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Architecture is lacking/degenerate in software

There seems to be a huge difference between a building and software: buildings are inhabitaed, software is not inhabitated. Users are not "in" the software doing stuff. They are always on the outside. They only have contact with a surface, the user interface. Like with a vending machine or a car.<p/> The "architecture" of a vending machine is of no concern to users. But the layout of the surface is.<p/> What C. Alexander ist talking about is the "interaction surface" where inhabitants are in contact with architecture. When software devs talk about architecture it's (mostly) about what's behind such a surface.<p/> That said, software development at large needs to take a different stance on software architecture. It's still too much hand waving and too little systematic design.<p/> And despite interesting influences from all sorts of other disciplines software dev can learn from... it's at the same time something utterly different. Software does not suffer from wear and tear, software has hardly ever a preset lifetime, software needs to change much, much more and at a higher frequency over an indeterminate timespan than any other human product. We've to keep learning how to deal with that.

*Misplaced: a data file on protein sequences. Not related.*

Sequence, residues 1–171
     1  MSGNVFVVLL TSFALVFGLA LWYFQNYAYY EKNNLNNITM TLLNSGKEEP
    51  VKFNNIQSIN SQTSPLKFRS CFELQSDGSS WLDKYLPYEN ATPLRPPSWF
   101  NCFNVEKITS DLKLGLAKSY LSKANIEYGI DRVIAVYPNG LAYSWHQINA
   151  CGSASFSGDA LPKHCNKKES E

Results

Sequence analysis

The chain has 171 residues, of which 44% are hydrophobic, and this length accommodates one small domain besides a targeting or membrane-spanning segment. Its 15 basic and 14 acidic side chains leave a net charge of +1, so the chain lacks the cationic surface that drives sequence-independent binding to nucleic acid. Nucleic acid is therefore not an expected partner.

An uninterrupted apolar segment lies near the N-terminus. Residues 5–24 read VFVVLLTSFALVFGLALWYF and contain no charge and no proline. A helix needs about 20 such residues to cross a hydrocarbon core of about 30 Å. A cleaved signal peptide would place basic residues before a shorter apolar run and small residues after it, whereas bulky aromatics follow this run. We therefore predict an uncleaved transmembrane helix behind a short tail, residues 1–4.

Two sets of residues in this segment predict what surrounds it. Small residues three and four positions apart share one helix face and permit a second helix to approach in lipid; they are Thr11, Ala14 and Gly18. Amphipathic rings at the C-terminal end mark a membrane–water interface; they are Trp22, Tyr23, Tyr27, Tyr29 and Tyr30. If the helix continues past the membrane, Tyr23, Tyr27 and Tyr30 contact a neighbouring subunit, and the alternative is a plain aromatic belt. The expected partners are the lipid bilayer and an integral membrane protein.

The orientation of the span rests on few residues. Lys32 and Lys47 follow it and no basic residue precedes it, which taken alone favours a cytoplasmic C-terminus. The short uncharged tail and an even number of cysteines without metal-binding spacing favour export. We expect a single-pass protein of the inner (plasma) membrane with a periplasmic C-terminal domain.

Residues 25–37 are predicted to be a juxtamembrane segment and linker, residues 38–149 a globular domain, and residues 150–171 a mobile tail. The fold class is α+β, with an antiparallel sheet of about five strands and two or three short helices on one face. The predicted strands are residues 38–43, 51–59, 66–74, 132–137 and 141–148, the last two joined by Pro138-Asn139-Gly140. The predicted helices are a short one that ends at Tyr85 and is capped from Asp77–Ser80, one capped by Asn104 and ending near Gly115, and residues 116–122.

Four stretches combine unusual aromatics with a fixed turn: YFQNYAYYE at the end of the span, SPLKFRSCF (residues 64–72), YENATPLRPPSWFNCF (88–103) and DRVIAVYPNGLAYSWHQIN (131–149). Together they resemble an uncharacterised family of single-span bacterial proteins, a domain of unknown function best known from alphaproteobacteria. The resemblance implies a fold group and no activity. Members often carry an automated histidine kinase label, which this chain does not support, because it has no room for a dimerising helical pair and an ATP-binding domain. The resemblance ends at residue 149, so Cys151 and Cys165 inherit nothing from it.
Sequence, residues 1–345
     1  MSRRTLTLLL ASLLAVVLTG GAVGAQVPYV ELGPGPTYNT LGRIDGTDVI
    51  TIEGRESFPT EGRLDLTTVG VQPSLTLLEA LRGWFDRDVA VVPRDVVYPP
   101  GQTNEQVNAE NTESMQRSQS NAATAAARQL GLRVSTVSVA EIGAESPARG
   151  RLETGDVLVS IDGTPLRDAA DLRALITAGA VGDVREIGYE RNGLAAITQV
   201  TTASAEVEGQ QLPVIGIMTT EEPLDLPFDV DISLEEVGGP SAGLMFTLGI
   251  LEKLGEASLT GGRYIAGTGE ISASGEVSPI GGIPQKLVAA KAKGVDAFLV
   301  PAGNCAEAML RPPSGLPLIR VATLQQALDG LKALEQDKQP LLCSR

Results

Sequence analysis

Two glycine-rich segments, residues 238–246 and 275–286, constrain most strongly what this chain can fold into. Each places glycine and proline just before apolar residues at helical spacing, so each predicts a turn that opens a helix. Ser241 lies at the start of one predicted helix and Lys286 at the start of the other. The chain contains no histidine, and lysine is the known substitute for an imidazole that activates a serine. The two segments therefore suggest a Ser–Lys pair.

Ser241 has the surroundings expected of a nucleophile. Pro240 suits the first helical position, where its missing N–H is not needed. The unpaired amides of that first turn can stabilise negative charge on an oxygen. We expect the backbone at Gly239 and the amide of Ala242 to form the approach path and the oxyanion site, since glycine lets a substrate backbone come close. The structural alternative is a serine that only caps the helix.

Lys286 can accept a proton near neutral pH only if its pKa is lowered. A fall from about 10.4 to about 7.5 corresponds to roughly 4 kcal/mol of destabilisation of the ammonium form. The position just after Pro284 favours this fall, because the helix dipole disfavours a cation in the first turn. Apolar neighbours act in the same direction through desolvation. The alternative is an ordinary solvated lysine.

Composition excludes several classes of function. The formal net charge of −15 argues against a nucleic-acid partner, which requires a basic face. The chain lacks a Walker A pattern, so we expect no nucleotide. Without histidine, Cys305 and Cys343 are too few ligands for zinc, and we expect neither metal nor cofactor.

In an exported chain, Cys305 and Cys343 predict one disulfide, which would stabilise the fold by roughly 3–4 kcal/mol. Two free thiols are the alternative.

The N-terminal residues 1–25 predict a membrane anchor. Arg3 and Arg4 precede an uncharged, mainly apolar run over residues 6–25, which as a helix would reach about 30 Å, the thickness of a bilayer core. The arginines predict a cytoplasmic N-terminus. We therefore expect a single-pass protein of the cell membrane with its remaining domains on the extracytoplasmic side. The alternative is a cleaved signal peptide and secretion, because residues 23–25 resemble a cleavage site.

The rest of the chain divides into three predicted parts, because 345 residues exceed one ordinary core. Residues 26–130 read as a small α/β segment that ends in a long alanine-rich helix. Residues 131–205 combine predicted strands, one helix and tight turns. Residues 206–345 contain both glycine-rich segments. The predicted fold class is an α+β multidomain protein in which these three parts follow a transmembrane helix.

Architecture is lacking/degenerate in software


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